• Exchange-traded funds (ETFs): These are similar to mutual funds but offer some key differences. For starters, ETFs trade on stock exchanges, which means you'll get real-time pricing and lower minimums—some brokers even allow you to buy into them with fractional shares. But like mutual funds, you have little control over how an ETF is managed or which securities it invests in.
  • Real estate investment trusts (REITs): REITs allow you to invest in income-producing properties without needing the funds to buy them directly or manage them. REITs can generate a steady stream of dividend income and can help you diversify your portfolio beyond the stock market. But they can be sensitive to interest rate increases and generally aren't good as short-term investments.
  • Bonds: Bonds are issued by corporations and government entities as debt. When you buy one, you essentially become a lender, for which you'll receive regular interest income for a predetermined period. Bonds are generally much safer investments than stocks, but they also typically offer lower returns.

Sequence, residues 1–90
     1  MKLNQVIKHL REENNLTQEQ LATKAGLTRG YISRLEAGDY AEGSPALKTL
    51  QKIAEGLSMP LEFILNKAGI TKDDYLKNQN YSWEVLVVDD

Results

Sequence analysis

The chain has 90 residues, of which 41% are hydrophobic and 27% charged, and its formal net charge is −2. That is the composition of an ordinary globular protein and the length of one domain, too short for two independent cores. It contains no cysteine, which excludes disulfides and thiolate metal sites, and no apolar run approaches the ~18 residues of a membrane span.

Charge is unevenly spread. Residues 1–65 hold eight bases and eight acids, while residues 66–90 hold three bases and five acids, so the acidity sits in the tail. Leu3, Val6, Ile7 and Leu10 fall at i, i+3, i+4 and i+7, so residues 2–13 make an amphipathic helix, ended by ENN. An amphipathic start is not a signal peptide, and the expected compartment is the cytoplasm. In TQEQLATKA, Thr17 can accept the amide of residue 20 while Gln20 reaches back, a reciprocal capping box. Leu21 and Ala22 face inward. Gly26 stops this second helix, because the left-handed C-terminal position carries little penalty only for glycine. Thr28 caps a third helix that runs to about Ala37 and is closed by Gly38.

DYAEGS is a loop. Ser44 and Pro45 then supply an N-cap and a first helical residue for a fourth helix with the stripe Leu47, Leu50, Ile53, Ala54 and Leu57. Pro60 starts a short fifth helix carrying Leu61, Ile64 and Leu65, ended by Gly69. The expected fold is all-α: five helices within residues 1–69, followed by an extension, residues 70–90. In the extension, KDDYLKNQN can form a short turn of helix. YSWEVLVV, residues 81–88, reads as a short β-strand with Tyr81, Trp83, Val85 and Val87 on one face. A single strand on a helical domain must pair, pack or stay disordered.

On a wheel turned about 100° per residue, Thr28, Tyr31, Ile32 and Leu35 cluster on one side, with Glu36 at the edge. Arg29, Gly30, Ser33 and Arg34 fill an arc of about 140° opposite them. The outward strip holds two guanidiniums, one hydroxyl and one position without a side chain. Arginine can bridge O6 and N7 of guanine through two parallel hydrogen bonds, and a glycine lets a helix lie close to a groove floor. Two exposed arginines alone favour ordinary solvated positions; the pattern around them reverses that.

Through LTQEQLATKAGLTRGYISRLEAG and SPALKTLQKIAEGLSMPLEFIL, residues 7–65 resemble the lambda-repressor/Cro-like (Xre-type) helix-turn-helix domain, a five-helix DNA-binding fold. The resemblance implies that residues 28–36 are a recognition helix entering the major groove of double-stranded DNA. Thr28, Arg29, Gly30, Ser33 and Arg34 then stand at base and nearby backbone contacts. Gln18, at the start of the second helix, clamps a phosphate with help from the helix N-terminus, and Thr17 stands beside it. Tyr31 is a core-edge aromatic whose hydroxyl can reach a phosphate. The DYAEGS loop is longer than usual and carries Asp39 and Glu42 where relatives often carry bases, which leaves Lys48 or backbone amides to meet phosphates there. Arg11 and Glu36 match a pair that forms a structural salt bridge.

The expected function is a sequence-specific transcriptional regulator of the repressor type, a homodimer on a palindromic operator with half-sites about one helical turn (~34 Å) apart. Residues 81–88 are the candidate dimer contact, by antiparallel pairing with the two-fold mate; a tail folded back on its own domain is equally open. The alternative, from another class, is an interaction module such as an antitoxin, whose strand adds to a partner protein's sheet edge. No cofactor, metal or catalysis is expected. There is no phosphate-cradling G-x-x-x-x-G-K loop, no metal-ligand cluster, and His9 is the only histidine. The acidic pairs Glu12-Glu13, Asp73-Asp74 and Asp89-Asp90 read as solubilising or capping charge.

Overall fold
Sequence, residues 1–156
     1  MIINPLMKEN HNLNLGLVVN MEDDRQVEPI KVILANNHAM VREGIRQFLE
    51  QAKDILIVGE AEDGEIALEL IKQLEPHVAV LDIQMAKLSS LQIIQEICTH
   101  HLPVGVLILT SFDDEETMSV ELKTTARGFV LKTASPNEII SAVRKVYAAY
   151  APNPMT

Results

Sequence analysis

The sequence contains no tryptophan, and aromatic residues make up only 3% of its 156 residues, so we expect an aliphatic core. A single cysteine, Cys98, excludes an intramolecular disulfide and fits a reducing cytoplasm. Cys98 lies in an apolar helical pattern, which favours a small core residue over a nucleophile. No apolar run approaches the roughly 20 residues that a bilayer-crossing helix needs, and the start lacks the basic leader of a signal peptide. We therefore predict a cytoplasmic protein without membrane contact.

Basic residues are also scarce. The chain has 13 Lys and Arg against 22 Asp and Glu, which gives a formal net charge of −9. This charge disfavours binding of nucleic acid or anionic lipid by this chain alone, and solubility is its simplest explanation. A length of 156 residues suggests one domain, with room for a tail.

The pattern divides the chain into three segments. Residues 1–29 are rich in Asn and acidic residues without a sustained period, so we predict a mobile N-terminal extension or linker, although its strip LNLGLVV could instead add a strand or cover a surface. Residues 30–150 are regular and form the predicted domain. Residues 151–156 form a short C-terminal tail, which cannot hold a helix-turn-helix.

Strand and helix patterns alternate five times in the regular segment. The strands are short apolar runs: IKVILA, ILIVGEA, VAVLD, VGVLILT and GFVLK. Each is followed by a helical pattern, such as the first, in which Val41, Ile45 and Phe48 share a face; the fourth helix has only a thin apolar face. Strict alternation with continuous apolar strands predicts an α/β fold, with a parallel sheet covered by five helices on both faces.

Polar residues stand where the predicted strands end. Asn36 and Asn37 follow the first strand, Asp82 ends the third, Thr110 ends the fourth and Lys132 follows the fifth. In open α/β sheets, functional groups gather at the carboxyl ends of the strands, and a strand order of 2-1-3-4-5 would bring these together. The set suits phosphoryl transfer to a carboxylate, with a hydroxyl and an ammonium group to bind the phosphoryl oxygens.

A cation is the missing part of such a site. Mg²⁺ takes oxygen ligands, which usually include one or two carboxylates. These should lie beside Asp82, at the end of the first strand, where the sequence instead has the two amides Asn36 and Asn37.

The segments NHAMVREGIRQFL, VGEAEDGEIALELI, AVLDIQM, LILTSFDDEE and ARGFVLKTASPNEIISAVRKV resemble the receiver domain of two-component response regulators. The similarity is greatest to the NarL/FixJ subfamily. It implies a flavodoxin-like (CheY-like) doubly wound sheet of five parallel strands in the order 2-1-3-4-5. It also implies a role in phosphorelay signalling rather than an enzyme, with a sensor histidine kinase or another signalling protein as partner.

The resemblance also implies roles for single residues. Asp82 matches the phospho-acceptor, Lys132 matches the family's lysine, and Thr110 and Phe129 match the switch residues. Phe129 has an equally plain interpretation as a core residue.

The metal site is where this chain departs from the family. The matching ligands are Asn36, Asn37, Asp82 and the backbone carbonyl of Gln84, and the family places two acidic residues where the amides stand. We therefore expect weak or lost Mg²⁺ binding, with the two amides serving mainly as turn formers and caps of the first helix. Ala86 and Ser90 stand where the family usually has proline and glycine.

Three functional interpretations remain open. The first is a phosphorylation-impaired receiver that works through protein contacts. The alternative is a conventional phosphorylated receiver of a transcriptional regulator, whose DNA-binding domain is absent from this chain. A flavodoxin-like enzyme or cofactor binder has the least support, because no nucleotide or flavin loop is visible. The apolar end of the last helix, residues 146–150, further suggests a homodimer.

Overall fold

Keep in mind, too, that you can invest in one or more of these vehicles at the same time. In fact, this strategy is an excellent way to diversify your portfolio because it allocates your funds into different assets whose values aren't determined by the same factors.

Does Your Credit Score Come Into Play With Investing?

Investment brokers typically don't run a credit check when you apply for an account. That said, building and maintaining a good credit score can make a huge positive difference in your financial plan. Check your credit score often to determine its health, and take steps to develop good credit habits.

This includes paying your bills on time every month, keeping your credit card balances low, avoiding new credit applications unless you need it and keeping an eye on your credit report in case inaccurate or fraudulent shows up on your file.

Having great credit can help you save money on loans and credit cards, as well as on insurance premiums, which can give you more cash flow to invest and achieve other financial goals.